JM: With the roles of salespeople becoming more specialized (with a consultative sale being the most important specialization) how do you see the importance of storytelling as a skill set in that role?

KOGLER: Obviously, the role of salespeople has changed significantly over the last couple of years, not only because they need to be more consultative, but also the nature of B2B products and services that they sell has become increasingly complex.

Because of these changes, I see the role of business storytelling as a critical skill that’s more important than ever before. A salesperson who can tell a compelling business story is going to make me care; she’s going to show me how her product or service helps another human being. A compelling business story is going to be memorable and cut through the cacophony of competing messages that bombard us every day. The net result: your sales team will build trust and belief, and most importantly, increase sales.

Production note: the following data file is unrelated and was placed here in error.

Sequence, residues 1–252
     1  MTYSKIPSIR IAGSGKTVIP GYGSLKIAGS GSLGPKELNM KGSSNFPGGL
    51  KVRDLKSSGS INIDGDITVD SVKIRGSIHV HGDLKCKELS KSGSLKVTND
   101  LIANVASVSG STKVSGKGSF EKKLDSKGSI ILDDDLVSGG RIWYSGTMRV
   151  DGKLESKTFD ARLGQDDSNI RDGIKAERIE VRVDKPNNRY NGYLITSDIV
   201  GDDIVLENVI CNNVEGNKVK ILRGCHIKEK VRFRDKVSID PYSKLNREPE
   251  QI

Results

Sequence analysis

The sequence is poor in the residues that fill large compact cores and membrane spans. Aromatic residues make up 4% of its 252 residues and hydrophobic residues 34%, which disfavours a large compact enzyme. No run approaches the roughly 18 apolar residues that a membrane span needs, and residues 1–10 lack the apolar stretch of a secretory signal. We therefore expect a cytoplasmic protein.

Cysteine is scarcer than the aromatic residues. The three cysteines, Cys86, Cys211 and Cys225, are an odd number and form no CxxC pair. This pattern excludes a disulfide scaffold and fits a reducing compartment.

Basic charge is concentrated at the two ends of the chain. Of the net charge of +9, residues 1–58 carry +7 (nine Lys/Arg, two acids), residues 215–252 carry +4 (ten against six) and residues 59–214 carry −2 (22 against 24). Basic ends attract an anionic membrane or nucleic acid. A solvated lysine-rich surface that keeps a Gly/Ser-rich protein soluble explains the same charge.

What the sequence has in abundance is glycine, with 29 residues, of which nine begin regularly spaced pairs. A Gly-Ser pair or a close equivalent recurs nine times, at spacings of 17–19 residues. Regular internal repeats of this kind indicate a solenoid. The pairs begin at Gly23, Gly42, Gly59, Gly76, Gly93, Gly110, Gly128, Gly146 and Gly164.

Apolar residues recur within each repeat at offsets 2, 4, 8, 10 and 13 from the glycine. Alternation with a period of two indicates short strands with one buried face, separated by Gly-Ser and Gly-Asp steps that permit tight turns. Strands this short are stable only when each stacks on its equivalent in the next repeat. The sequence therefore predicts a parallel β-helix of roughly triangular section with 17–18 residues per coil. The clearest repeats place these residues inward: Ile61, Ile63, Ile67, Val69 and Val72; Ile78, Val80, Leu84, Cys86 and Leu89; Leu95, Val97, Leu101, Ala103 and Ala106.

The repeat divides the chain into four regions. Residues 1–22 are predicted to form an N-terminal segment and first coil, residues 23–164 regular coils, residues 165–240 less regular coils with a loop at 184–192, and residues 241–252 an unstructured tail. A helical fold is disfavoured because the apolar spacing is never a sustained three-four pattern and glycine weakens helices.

JM: What problems do your clients typically have?

KOGLER: As you know, we live in an increasingly disruptive business and economic environment, and the one constant I see repeatedly, regardless of industry or company size, is that they are going through some sort of change. 

At times, the change they’re experiencing is positive, for example a recent client of mine wanted to unveil a new vision and a new strategy for the direction of their retail store. I helped them shape that new strategic story and share it internally with their employees as well as externally with their customers and strategic partners. 

At other times, the change is more challenging as with a client whose merger and acquisition activities led to a real cultural clash between the two recently merged firms. My task was to help the senior management team explain to all their stakeholders, both internally and externally, why the merger and acquisition made sense and what the new strategic direction was really all about. We used one of our four business story structures – the clarity story – to accomplish this task.